The three songs comprised by The Ashes Of Vesuvius, combined with the minute-long intro, ask about twenty minutes of your time and utilize those minutes to fling you back and forth through a multitude of angular guitar riffs and drum segments that rotate between heavy groove and “I don’t know how the fuck anyone is hanging on to this”.
Averaging out at about five minutes per song makes The Ashes Of Vesuvius feel like it has three distinct chunks; two hammering and maelstrom-esque whirlpools of death metal and one more progressive and groove-focused meditation in “Pool Of Machines”. The EP bookends its runtime with those heavy and hurricane-like songs.
The titular “Ashes Of Vesuvius” track, on top of its constantly ever-shifting sands of music, also employs a variety of vocal approaches, including a jarring clean-sung segment just to complete the “everything and kitchen sink “approach. “Reconstructing The Paradigm”, at six-and-a-half minutes, is the epic of the EP and also pound-for-pound probably the heaviest groover on the disc. “Reconstructing The Paradigm” is the sort of song that goes zero-to-sixty from the word go; you’ll note the almost black metal melody riff that’s layered on top of the band’s hyperfast grooving intro before things shift into a more machine-like and relentless hammering rhythm to make up its verse. The constant wall of noise is near-overwhelming, but if there’s one thing in common amongst the Jack Ketch releases it’s the aforementioned suffocation of the listener under the weight of their groove; that much — as demonstrated by “Reconstructing The Paradigm”‘s constant changes — has not changed. Its just that the band have a new-found relentless and near-nonstop approach.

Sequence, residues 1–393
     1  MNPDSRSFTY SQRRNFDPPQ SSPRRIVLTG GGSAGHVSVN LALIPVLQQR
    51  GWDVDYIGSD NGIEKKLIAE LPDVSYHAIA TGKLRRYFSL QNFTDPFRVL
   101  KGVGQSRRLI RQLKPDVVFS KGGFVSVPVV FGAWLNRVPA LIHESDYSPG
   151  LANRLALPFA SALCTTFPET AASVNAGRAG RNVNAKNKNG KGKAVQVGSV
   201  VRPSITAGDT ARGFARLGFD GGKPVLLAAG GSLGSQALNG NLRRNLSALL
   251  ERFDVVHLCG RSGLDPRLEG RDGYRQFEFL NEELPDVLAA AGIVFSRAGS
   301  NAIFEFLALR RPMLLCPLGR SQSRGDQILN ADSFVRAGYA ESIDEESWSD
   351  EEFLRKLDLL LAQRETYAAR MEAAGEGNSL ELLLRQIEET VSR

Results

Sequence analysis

The Ashes Of Vesuvius is an interesting release because it seems like Jack Ketch took the amount of time between releases to just jam as many different segments into their songs as they could, resulting in a massive beast of surprising technicality and almost no calm whatsoever. The more melodic “Pool Of Machines” only seems that way next to its heavier siblings. Outside of that, it is just as forthright with how heavy it wants to be. By sheer weight alone, The Ashes Of Vesuvius proves to be an impressive comeback for the band.